March 2, 2010
Years ago, when I was researching a book (still unwritten) on the 150-year history of the “hermenaut” or “outsider intellectual,” I noticed that historical eras like “the Sixties” — as opposed, i.e., to the strictly calendrical 1960s decade — inevitably begin and end late. Historical eras cannot be separated from generations, and vice versa.
I’m hardly the only student of periodizations to have remarked upon the “long decade” phenomenon; as far as I know, though, I’m the first to have been reckless enough to codify this insight with an eccentric, risibly precise periodization scheme. The scheme began as a tongue-in-cheek experiment. But I’ve looked at social, political, cultural, economic factors — and my periodization never fails.
The Forties ended in ’53 (e.g., with the censuring of McCarthy), the Fifties in ’63 (e.g., with the assassination of Kennedy), the Sixties in ’73 (e.g., with the death of Gwen Stacy in Spider-Man #121). It’s uncontroversial to say that punk began in 1974 and ended in 1983: “The seventies, sprawled out in chaos between the progressive sixties and the conservative eighties,” writes Nicholas Rombes in A Cultural Dictionary of Punk, whose subtitle (1974–1982) is only incorrect by one year, “was so incoherent that punk’s incoherency made perfect sense, or nonsense.” James Parker notes that alternative rock’s birth year was 1984: “Meat Puppets II was slap-in-the-face great. It came out in 1984, part of the same evolutionary spasm that birthed Hüsker Dü’s Zen Arcade, the Minutemen’s Double Nickels on the Dime, Black Flag’s My War (all of them on SST).”
A corollary to this periodization scheme: During “4/3” decades, the 8/9 years are — for better or worse — an apex. For example, 1969 — ’nuff said. A recent work of history, Christian Caryl’s Strange Rebels, makes the case that 1979 was a key moment of counter-revolution, a swing of the historical pendulum against the trends of the preceding decades. At the start of 1978, the Soviet Union and China seemed immovable monoliths of Communist ideology. Iran was run by the Shah, and Afghanistan was run by a secularist keen on modernization and women’s rights. The Iron Curtain seemed a permanent division between the free and the unfree. By the end of 1979, none of the above was still the case. The Soviet bloc was destabilized by the effect of Pope John Paul II’s papacy on Poland; the Shah had fled into exile and the Ayatollah Khomeini was at the head of Iran’s new revolutionary government. Islamist guerrillas had begun the war of resistance in Afghanistan. And Deng Xiaping had steered China toward its new identity as a capitalist economy.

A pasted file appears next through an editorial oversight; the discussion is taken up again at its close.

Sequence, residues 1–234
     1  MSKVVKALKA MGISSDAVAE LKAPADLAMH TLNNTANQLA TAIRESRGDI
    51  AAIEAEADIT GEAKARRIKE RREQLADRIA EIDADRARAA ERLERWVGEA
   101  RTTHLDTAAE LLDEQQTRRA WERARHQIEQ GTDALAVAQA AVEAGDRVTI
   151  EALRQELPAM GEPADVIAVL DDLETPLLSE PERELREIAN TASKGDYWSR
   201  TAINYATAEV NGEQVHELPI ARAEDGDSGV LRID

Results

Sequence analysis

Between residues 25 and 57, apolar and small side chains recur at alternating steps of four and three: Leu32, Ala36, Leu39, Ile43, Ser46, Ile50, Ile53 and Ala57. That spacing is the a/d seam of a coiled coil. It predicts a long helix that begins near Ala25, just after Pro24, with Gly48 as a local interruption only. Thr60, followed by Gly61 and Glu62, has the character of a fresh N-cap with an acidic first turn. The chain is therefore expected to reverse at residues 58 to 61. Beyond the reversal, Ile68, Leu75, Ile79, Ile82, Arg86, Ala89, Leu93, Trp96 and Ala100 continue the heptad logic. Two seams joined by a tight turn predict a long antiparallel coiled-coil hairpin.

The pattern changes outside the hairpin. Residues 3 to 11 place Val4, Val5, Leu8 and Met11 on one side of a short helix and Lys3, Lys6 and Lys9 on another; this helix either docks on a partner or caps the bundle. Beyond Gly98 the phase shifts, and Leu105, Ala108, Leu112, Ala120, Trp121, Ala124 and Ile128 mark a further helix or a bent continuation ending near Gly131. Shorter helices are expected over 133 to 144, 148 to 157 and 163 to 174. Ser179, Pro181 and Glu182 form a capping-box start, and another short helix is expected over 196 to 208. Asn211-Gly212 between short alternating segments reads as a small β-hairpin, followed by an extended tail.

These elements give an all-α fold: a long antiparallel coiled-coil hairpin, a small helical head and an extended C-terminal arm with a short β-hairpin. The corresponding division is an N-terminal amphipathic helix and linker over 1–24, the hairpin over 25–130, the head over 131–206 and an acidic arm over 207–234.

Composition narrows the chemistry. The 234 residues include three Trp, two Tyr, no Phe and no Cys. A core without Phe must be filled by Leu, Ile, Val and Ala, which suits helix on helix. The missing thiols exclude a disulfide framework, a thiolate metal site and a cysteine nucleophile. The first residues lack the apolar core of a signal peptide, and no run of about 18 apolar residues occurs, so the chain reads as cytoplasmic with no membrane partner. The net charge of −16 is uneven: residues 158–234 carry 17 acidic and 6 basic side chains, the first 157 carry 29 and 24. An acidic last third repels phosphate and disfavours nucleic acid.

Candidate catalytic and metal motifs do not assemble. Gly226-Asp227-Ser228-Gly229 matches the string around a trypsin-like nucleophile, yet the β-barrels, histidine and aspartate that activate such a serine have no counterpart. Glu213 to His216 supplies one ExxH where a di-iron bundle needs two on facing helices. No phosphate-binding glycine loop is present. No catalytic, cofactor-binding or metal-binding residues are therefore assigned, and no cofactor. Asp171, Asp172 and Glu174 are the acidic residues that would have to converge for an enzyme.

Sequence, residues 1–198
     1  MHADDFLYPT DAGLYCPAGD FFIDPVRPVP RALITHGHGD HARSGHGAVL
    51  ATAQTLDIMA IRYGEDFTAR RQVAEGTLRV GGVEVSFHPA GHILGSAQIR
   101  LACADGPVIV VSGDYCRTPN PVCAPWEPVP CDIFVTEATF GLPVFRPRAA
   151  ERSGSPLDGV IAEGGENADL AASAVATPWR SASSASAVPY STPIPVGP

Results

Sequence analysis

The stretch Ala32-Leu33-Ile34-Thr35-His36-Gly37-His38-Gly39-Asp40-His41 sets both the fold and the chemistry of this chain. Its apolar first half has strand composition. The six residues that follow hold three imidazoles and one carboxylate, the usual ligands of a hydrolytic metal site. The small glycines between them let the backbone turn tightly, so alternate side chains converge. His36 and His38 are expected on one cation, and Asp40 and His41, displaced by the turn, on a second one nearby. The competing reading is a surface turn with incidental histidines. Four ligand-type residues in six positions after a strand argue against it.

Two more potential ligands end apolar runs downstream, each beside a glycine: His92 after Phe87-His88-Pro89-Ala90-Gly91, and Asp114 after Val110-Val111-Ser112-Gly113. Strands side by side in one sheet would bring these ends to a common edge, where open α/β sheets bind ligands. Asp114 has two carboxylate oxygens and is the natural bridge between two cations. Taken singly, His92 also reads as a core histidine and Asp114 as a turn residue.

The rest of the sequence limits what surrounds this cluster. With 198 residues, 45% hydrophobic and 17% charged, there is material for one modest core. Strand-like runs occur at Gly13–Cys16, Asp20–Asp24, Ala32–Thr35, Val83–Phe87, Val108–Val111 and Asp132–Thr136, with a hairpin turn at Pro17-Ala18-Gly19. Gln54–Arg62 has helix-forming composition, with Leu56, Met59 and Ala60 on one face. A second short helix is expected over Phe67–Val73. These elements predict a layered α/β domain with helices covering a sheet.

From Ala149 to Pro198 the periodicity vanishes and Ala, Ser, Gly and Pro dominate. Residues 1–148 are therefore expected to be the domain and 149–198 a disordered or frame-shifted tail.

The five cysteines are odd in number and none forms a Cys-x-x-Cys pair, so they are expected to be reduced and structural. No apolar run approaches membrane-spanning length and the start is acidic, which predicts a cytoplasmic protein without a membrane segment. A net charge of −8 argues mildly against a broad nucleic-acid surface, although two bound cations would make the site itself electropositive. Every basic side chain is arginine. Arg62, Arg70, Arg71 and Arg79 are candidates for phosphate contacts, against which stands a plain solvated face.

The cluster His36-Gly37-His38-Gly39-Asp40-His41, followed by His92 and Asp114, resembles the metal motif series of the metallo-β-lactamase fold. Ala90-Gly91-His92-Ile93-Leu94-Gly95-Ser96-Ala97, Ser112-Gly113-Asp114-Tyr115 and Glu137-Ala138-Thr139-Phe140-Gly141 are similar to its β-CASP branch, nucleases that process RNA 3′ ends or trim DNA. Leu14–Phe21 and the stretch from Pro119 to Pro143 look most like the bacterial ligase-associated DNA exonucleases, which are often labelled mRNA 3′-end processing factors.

Here is my generational periodization scheme; note that it’s a work in progress:
1755-64: [Republican Generation] Perfectibilists
1765-74: [Republican, Compromise Generations] Original Romantics
1775-84: [Compromise Generation] Ironic Idealists
1785-94: [Compromise, Transcendental Generations] Original Prometheans
1795-1804: [Transcendental Generation] Monomaniacs
1805-14: [Transcendental Generation] Autotelics
1815-24: [Transcendental, Gilded Generations] Retrogressivists
1825-33: [Gilded Generation] Post-Romantics
1834-43: [Gilded Generation] Original Decadents
1844-53: [Progressive Generation] New Prometheans
1854-63: [Progressive, Missionary Generations] Plutonians
1864-73: [Missionary Generation] Anarcho-Symbolists
1874-83: [Missionary Generation] Psychonauts
1884-93: [Lost Generation] Modernists
1894-1903: [Lost, Greatest/GI Generations] Hardboileds
1904-13: [Greatest/GI Generation] Partisans
1914-23: [Greatest/GI Generation] New Gods
1924-33: [Silent Generation] Postmodernists
1934-43: [Silent Generation] Anti-Anti-Utopians
1944-53: [Boomers] Blank Generation
1954-63: [Boomers] OGXers
1964-73: [Generation X, Thirteenth Generation] Reconstructionists
1974-82: [Generations X, Y] Revivalists
1983-92: [Millennial Generation] Social Darwikians
1993-2002: [Millennials, Generation Z] TBA
The work of certain creative types parallels the zeitgeist: for example, David Bowie’s 1973 announcement that he was retiring the “Ziggy Stardust” persona was a farewell to the Sixties. Also, check out “Annus Mirabilis,” by Philip Larkin:
Sexual intercourse began
In nineteen sixty-three
(which was rather late for me) –
Between the end of the “Chatterley” ban
And the Beatles’ first LP.
Up to then there’d only been
A sort of bargaining,
A wrangle for the ring,
A shame that started at sixteen
And spread to everything.
Then all at once the quarrel sank:
Everyone felt the same,
And every life became
A brilliant breaking of the bank,
A quite unlosable game.
So life was never better than
In nineteen sixty-three
(Though just too late for me) –
Between the end of the “Chatterley” ban
And the Beatles’ first LP.
George W.S. Trow’s periodization of the Fifties/Sixties shift, in “Collapsing Dominant,” a 1997 essay written as an introduction to a new edition of his 1980 monograph Within the Context of No Context, complements my periodization:
I can remember once going with the Cerf family to Lindy’s in . Lindy’s was if not on its way out, past its prime. But we were still in the 1950s in a way…. But even then, Lindy’s, 1963, we all sensed that it was cracking…. [T]here has happened under us a Tectonic Plate Shift….